- All the bulrushes, the greenery in the meadows and the plants along the riverbanks of the Nile, at the mouth of the river, will die and blow away. There will be bare places. Every sown field and all the cultivated areas along the Nile will become parched, will blow away and be no more. Even the plants at the widest part of the river will dry up, blow away, disappear and be no more.
We are not talking of a few months with a little less water resources, and the government asking if the public would kindly use less water. We are talking of a protracted, prolonged, severe drought. As I write, we in the UK are horrified to hear of the heatwave that has hit India where literally thousands of people, long used to the hot climate there, are dying because of the intensity of the temperature. It is a catastrophic social phenomena. That kind of merciless turns of nature, precipitated by the activity of the hand of God, is what will plague Egypt in these days prior to their defeat at the hand of Assyria.
- The fishermen, all those who cast hooks and catch fish from the Nile River, will become sad and groan, lament and pine away for lack of work. They will cry. They depend on the Nile River for their food, but it will be dry.
- Those who work with combed flax, who weave it into white linen and make cloth, will all be saddened and lose hope. There will be no flax for harvesters, nor thread for weavers. They will be confounded and ashamed.
- Those who weave cloth will be dejected and broken in the purposes thereof, and those who work for money, making sluices and ponds for fish will be depressed and sick at heart.
Cush, also referred to as Nubia, also referred to as Ethiopia as it was in biblical days.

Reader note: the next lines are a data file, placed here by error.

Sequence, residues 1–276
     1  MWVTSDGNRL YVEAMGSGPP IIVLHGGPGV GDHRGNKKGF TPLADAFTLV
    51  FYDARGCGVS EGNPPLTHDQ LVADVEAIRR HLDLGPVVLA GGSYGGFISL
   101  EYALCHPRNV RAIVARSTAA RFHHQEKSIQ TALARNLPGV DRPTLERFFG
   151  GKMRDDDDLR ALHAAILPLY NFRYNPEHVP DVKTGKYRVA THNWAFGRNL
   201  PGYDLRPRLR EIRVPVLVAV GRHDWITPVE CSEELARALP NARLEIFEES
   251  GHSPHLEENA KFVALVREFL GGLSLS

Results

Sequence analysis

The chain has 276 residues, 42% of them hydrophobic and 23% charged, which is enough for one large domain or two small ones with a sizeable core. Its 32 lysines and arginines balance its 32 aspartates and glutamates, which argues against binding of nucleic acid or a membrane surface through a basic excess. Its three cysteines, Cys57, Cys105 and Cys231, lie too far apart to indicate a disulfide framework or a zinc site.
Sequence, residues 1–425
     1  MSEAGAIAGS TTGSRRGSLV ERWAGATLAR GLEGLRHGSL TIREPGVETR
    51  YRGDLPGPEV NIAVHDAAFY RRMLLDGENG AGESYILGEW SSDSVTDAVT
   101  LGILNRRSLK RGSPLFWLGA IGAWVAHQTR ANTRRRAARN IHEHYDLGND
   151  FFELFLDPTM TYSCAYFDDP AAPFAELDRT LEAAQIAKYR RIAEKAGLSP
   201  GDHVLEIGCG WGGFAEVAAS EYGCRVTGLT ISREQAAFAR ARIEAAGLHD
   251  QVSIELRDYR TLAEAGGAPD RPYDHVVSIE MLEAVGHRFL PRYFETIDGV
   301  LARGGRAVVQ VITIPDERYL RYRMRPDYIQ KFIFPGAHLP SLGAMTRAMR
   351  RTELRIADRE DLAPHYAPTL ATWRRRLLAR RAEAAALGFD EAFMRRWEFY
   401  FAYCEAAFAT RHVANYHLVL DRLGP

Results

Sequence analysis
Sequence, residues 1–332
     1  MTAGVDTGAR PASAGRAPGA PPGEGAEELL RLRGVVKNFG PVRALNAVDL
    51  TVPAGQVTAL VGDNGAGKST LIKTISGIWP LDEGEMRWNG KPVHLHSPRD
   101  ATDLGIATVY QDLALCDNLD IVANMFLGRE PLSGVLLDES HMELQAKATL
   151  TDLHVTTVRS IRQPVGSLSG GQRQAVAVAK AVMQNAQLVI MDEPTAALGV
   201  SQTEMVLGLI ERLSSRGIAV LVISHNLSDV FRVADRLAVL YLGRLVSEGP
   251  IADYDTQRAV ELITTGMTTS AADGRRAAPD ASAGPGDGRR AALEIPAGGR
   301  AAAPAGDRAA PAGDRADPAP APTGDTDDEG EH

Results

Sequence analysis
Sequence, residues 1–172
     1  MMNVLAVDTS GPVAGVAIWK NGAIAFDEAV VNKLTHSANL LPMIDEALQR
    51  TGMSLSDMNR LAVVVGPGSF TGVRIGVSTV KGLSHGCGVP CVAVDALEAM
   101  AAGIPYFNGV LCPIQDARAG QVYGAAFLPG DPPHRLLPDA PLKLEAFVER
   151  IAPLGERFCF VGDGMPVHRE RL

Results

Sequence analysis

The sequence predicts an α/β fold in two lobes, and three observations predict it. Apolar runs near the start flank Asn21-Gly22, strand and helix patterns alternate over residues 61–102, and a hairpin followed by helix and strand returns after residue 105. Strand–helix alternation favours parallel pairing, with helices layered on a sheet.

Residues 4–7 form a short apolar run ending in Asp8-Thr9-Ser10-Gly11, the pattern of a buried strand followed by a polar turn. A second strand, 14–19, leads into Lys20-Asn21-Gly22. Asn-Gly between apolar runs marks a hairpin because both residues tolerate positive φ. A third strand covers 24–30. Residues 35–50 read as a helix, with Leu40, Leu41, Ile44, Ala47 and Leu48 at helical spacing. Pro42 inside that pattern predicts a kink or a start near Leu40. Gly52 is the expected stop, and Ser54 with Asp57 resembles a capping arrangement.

In these three verses we are given an in depth insight to the livelihood of the many millions who, hitherto, had maintained the buoyancy of the Egyptian economy, based on activities, sources and utilities of life that come from the Egyptian genius for utilizing the Nile. No Nile, no economy! No economic sustenance, no affluence, and the onset of poverty and unemployment! The nation is seen by the prophet Isaiah as being in a state of collapse on every social level. But then there is even more to cap this horror.
To briefly sum up, Egypt is to become one of the worst areas of natural catastrophe and total humanity disaster that it is possible to conceive of. All stratas of society are equally devastated, and nobody knows what to do to alleviate the human distress.
- The leaders and officials of the city of Zoan (Tanis) are nothing but fools. Pharaoh’s “wise counsellors and advisors” give bad and senseless advice. How can they say to Pharaoh that they are wise? Their best counsel to the king of Egypt is brutish, stupid and wrong. They say they are “from the old family of the kings,” or, “disciples of the ancient kings.” However they are not as smart as they think. Will they dare continue to brag about all their wise ancestors? How dare they say to Pharaoh, “I am one of the sages, one well-versed in the writings of the ancient kings?”